November 
2008

Vol 8-No. 5


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Aravind Adiga Wins Prestigious Booker Prize



Indian novelist 33-year-old Aravind Adiga’s book “The White Tiger”,
set against the backdrop of India's growing wealth gap, was on Oct 15 declared the winner of the prestigious Man Booker Prize for Fiction for 2008. 

The award, which honors the best fiction written in English by an author from the U.K., Ireland or the Commonwealth nations, was handed out at the Guildhall in London.

The other shortlisted authors were Amitav Ghosh ("Sea of Poppies"), Steve Toltz of Australia ("A Fraction of the Whole"), Sebastian Barry of Ireland ("The Secret Scripture"), and British writers Linda Grant and Philip Hensher ("The Clothes on Their Backs" and "The Northern Clemency" respectively).

Michael Portillo, chairman of the judges, said: “In many ways it was the perfect novel.”

“The judges found the decision difficult because the shortlist contained such strong candidates. In the end, The White Tiger prevailed because the judges felt that it shocked and entertained in equal measure.

“The novel undertakes the extraordinarily difficult task of gaining and holding the reader’s sympathy for a thorough going villain. The book gains from dealing with pressing social issues and significant global developments with astonishing humor.”

Portillo went on to explain that the novel had won overall because of “its originality”. He said that “The White Tiger” presented “a different aspect of India” and was a novel with “enormous literary merit.”

The 33-year-old former journalist, who defied odds and beat hot favourite Sebastian Barry, took home the 50,000-pound ($47,000) prize -- becoming the third debutant to win the award in its 40-year-history. 

Adiga’s book “The White Tiger”, a tale of two Indias, tells the story of Balram, the son of a rickshaw puller in the heartlands, one of the “faceless” poor left behind by the country’s recent economic boom. It charts his journey from working in a teashop to entrepreneurial success.

Adiga's novel, aimed to highlight the needs of India's poor, was described as a “compelling, angry and darkly humorous” novel about a man’s journey from Indian village life to entrepreneurial success. Another reviewer described as an "unadorned portrait" of India seen "from the bottom of the heap".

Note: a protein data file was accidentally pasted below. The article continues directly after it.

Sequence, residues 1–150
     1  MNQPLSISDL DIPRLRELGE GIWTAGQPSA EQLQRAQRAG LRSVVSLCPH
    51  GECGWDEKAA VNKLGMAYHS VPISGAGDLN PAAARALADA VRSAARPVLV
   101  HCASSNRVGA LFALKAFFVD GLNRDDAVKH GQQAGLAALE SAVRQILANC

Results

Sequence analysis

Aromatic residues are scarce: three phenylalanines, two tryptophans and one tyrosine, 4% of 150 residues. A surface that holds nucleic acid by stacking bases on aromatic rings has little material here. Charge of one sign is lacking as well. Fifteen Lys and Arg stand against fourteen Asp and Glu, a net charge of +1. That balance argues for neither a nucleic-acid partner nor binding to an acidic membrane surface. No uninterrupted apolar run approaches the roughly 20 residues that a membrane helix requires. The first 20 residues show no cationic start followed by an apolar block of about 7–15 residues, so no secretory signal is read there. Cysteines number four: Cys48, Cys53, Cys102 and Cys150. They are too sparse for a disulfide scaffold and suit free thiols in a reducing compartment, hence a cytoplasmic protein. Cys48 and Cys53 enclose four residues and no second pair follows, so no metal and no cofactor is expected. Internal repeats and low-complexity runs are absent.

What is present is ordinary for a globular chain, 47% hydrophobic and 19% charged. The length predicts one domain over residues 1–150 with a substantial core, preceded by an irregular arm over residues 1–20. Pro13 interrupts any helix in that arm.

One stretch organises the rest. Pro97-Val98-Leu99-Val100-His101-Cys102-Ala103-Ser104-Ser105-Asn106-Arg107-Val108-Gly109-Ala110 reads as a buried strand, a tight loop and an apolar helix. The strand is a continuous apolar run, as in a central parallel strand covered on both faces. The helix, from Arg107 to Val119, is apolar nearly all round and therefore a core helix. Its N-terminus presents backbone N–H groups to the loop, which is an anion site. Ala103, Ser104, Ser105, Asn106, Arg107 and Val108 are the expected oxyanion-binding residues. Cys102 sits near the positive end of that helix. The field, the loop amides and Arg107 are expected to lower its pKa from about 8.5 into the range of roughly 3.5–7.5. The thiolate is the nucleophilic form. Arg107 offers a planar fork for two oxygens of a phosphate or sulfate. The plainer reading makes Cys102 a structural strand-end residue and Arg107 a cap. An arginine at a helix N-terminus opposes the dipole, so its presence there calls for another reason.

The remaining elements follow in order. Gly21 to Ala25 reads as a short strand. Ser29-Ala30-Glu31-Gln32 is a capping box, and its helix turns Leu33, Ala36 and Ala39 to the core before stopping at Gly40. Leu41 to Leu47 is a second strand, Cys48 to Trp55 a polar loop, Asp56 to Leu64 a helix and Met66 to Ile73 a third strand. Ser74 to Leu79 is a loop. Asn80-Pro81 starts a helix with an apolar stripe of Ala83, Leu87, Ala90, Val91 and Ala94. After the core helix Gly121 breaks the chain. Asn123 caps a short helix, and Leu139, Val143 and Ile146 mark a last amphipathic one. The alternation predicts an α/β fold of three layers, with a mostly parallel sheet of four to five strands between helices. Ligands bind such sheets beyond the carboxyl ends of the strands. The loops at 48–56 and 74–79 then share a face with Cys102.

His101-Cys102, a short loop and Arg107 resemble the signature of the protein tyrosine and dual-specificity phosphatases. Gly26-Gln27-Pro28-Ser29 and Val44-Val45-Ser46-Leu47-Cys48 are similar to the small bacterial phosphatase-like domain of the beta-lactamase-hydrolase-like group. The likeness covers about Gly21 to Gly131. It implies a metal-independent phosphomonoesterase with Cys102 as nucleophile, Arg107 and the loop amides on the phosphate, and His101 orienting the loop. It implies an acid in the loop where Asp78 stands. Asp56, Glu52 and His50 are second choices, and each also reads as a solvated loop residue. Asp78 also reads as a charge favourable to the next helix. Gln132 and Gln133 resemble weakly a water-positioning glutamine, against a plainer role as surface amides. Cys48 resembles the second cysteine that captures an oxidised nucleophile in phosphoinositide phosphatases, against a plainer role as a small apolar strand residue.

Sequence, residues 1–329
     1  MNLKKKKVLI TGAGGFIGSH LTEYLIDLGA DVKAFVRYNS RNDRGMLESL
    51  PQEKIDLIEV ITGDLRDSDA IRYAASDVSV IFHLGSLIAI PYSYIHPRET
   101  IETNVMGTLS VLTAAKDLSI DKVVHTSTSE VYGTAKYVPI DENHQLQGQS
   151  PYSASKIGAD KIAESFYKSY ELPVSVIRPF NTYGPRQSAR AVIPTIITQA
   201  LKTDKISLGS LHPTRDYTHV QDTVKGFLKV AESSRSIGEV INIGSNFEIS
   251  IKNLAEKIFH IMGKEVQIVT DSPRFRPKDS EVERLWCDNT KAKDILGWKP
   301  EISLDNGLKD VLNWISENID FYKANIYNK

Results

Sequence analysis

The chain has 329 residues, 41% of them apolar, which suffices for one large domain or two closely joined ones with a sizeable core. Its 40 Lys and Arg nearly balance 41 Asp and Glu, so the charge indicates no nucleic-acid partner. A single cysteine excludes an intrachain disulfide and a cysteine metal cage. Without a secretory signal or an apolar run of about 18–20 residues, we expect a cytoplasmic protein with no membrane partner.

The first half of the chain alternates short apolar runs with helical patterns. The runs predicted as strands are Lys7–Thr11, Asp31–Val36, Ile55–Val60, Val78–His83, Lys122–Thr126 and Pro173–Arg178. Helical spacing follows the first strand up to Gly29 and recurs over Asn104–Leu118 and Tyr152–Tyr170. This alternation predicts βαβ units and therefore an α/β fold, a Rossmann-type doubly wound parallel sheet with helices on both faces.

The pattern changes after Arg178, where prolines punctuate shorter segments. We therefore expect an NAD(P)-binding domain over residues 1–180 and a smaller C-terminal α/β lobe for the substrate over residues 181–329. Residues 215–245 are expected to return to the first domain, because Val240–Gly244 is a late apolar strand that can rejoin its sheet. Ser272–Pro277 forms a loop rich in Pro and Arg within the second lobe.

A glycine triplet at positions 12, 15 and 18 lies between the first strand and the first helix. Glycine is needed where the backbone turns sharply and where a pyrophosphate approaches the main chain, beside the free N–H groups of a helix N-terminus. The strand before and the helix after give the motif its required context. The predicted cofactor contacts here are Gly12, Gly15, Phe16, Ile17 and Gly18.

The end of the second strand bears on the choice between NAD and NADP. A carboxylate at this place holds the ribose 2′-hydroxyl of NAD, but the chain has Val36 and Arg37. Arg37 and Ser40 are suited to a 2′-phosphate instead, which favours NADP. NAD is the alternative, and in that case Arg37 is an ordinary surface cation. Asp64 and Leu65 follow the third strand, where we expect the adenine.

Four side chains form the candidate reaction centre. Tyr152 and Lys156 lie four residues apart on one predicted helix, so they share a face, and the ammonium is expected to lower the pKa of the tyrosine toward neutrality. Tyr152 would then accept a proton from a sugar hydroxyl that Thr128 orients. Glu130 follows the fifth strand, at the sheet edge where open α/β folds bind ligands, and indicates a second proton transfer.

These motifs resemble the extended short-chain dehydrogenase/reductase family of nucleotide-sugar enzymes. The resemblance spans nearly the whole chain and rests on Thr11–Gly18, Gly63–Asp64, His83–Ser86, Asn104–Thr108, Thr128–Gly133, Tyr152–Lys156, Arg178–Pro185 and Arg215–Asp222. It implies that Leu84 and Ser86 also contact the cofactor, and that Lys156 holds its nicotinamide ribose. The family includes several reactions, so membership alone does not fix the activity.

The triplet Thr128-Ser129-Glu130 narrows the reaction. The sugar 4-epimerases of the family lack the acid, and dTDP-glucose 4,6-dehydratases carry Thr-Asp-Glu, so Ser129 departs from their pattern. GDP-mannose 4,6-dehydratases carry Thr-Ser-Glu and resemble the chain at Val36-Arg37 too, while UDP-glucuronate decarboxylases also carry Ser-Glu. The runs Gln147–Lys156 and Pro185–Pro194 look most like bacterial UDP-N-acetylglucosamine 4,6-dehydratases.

His book is the ninth winning novel to take its inspiration from India or Indian identity.

As accolades poured in thick and fast, Prime Minister Manmohan Singh too congratulated Adiga: "I join the people of this country in celebrating this international recognition of your literary accomplishment."

The Mumbai-based author beat predictions by bookies and others. He had been given odds of 7/1 before the ceremony by bookmakers William Hill. Irish writer Barry had been tipped to take the prize at 7/4. The bookmakers' favourite has not won since Yann Martel in 2002 for "Life of Pi".

Adiga was born on Oct 23, 1974 in Madras (now known as Chennai) and was raised partly in Australia. He studied at Columbia and Oxford Universities and is a former correspondent for TIME magazine in India. His articles have appeared in publications such as the Financial Times, Independent and Sunday Times.

Adiga dedicated the prize to New Delhi where he has lived for many years. "It's a city that I love and a city that's going to determine India's future and the future of a large part of the world. It's a book about Delhi, so I dedicate it to the people that made it happen," he said.

"It is a fact that for most of the poor people in India there are only two ways to go up - either through crime or through politics, which can be a variant of crime," Adiga told the BBC.

"These people at the bottom have the same aspirations as the middle class - to make it in life, to become businessmen, to create business empires. They need to be given their legitimate needs - the schooling, the education, the health care - to achieve those dreams. If not, as I said, there are only two ways up: crime or politics."

Back home, his alma mater St. Aloysius High School in Karnataka's coastal city of Mangalore, where he was a top-ranking student, invited him on Oct 18.

"We are extremely happy. We congratulated him Wednesday morning as soon we learnt he has been chosen for the award. We hope he will make it to the Oct 18 meeting so that we can honour him," Fr. Denzil Lobo, a former Aloysian who now teaches there, told IANS on telephone from Mangalore.

"He was a quiet student. Well disciplined and among the best in his class," recalled Sambu Shetty, who was assistant head master of the school when Adiga was a high school student in the late 1980s.

Students and teachers at the James Ruse Agricultural High in north-west Sydney, Adiga's other alma mater, also celebrated. 

"We are very proud of Adiga's wonderful achievement. It is amazing for someone so young at 34 to receive one of the highest awards in literature. It reinforces the view of our school as a wonderful place of learning," James Ruse principal Larissa Treskin said.

Adiga joined James Ruse school in 1992 half way through Class 10 and topped the New South Wales (NSW) state in the Class 12 ancient history exam. Lipika Bhushan, marketing manager of Harper Collins Publishers, said there would be a grand welcome for Adiga in Delhi.

"He will be going to the Frankfurt book fair and then come back to Delhi," she said.

Adiga becomes the fifth Indian author to win the prize, joining V.S. Naipaul, Salman Rushdie, Arundhati Roy and Kiran Desai who won the prize in 1971, 1981, 1997 and 2006 respectively. 

“The White Tiger” has been published by Atlantic Books and has already won rave reviews.                                  

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